New high mobile tariffs suspended
GOVERNMENT has suspended mobile data tariff increases with immediate effect following an outcry from mobile phone users.
Government also ordered mobile service providers to reimburse affected customers.
In a statement last night, Information Communication Technology, Postal and Courier Services Minister Supa Mandiwanzira said the decision was arrived at after noting the high increases in tariffs.
“In the last few minutes, I have conversed with the Potraz chairman and with the kind permission of the Acting Minister of ICT, Postal and Courier Services, Cde Prisca Mupfumira, I have directed an immediate suspension of the tariff increases that were effected two days ago, to the dismay of many mobile phone users.
“I have been told that the new prices were actually proposed by the mobile operators to the regulator. While it is conceivable that the price of data may go up, the margin by which the prices have gone up is shockingly high and can only reflect insensitivity to fellow Zimbabweans and gluttonous corporate greed.”
Potraz told mobile operators to set the floor price for traditional voice services at 12c per minute while the floor price for data was set at 2c per megabyte.
A floor price is a minimum effective tariff chargeable per minute of voice calls and per megabyte of data.
Econet Wireless had advertised that the cheapest bundle of data (5MB on a standard connection plus another 5MB available on WiFi) would have cost 50 cents.
$1 would buy 10MB plus the bonus 10MB on WiFi and the highest amount of data one would get (2.5MB plus 2.5GB bonus on WiFi) would have cost $50 according to the new Econet tariffs.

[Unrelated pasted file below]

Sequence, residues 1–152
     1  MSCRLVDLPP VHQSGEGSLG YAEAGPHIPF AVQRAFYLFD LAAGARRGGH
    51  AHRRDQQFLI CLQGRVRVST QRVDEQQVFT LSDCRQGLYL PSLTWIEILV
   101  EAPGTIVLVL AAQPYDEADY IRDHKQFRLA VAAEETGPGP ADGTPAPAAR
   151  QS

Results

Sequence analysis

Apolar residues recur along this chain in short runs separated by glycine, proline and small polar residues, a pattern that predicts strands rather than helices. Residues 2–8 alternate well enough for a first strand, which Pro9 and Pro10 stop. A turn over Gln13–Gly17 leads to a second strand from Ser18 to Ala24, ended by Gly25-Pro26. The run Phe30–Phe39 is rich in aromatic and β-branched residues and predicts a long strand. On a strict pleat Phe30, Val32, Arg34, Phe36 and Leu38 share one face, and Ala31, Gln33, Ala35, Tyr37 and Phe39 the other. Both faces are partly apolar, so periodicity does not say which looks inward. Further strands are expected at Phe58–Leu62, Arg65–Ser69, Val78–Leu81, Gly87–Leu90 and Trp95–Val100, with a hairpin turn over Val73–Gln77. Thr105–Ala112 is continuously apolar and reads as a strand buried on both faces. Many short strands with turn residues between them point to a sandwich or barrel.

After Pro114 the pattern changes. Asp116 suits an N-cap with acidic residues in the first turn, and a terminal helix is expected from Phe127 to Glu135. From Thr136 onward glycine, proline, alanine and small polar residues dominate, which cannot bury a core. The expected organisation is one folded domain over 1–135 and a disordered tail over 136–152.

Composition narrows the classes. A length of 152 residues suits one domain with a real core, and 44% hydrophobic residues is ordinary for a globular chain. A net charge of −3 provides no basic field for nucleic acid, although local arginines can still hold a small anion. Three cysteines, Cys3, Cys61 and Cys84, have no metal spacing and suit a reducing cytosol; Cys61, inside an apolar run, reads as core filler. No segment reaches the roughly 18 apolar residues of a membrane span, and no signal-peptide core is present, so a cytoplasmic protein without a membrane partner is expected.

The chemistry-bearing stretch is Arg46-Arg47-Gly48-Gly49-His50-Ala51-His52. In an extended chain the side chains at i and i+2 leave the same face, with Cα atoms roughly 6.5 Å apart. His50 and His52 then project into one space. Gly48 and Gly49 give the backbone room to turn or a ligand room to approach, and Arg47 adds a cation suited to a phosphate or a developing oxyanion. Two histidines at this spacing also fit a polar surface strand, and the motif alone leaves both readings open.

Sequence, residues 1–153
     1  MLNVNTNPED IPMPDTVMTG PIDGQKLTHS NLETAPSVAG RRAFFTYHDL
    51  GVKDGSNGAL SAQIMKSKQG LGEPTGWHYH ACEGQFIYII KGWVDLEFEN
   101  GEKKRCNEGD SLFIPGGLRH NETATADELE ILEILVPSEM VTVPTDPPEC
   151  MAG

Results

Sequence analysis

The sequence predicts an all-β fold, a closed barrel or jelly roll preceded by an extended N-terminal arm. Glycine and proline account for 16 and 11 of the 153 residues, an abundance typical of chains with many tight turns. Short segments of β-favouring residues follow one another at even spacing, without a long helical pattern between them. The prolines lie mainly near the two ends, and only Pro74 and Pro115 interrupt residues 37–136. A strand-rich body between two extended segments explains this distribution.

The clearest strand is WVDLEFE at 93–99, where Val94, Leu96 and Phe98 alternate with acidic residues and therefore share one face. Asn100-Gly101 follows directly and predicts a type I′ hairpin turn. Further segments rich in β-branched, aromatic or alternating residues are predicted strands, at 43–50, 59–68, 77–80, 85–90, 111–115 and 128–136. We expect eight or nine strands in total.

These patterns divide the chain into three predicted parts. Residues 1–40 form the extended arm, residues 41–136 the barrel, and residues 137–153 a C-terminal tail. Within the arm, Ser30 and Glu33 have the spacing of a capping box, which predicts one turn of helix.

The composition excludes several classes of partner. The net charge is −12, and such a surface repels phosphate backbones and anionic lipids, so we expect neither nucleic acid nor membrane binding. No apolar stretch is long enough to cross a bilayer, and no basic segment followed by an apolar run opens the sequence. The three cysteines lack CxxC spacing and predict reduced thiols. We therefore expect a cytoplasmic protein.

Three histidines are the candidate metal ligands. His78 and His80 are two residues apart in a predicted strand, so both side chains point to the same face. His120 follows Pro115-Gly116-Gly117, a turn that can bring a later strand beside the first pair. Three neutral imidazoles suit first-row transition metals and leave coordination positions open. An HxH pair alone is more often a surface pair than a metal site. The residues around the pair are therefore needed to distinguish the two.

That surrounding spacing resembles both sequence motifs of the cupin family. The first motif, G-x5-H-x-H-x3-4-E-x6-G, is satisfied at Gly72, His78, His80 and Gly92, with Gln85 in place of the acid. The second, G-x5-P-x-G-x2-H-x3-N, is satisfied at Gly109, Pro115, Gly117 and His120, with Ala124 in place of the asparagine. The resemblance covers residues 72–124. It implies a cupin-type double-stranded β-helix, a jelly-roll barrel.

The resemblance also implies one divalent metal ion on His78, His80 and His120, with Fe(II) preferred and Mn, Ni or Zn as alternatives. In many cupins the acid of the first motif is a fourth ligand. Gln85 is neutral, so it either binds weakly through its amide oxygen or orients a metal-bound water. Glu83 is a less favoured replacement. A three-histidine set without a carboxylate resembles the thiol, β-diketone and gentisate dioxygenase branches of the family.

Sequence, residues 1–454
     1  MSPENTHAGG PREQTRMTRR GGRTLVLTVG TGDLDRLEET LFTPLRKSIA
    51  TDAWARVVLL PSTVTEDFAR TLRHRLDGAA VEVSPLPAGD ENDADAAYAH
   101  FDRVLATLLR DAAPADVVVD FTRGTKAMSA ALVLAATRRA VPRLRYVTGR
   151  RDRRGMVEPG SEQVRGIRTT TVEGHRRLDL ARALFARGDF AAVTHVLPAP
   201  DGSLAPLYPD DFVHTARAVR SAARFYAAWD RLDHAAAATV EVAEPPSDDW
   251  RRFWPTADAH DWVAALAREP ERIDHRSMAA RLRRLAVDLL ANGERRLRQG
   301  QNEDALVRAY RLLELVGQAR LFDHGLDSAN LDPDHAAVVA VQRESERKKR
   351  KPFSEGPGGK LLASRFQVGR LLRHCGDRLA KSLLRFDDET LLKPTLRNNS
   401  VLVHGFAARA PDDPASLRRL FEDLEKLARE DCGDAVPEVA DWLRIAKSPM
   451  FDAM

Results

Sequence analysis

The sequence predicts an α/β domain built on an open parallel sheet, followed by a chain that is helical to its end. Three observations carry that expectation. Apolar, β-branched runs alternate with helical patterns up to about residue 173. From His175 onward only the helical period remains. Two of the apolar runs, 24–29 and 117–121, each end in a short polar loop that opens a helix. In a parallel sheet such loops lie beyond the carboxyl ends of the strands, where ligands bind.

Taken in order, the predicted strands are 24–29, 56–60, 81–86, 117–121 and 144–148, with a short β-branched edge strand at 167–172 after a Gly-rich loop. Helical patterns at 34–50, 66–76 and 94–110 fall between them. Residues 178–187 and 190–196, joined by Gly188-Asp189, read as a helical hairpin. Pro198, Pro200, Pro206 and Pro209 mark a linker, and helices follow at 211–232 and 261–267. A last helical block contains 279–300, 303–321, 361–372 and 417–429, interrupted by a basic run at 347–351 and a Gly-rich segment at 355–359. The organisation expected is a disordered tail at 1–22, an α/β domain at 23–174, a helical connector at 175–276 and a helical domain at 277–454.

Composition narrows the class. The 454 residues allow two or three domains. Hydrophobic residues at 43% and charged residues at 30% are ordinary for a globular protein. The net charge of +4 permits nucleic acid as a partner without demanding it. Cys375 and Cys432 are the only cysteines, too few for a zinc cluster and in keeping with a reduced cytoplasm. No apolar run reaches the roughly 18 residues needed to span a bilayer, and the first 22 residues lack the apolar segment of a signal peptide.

The cheapest bundle had been set at 50 cents and would come with 10MB of data plus a 10MB bonus. Subscribers used to pay $2.50 for a month’s access of data bundles but had been the new charge for 80MB plus an extra 80MB on WiFi, according to a published list by Econet.
He said the Internet was now a key driver of economic growth - innovation, entrepreneurship and government service delivery, adding that its access was at the centre of all development.
“It therefore follows that it must be accessible — physically and financially. I share and sympathise with concerns expressed by a multitude of Zimbabwean Internet users that the recently effected data prices are unparalleled and extortionist.
“Unreasonable data prices, especially in a high literacy country like ours, undermine our huge investments in human capital, broadband infrastructure and the ability to attract investment.
“My ministry’s Innovation Fund initiative, which has raised more than $6 million to date, is premised on affordable broadband and growth opportunities in on-line enterprises in Zimbabwe and beyond.”
He said on the occasion of the official opening of the Chikato Community Information Centre in Masvingo last month, President Mugabe, spoke passionately about his desire to bring marginalised communities, especially in rural areas, onto the information superhighway.
Minister Mandiwanzira said this on its own was instructive that broadband access should be affordable.
“Given the astronomical rates that have been charged over the last two days, it may be necessary and morally correct to get the concerned mobile networks to refund their subscribers.
“This shall be on the agenda when I undertake a comprehensive review of the developments of the last two days on the first day of my return from leave on January the 30th,” he said. “Let me take this opportunity to wish all Zimbabweans, a happy and stressfree new year.”
The new tariffs on Zimbabweans’ mobile communications during their day-to-day transactions had the potential to dampen business.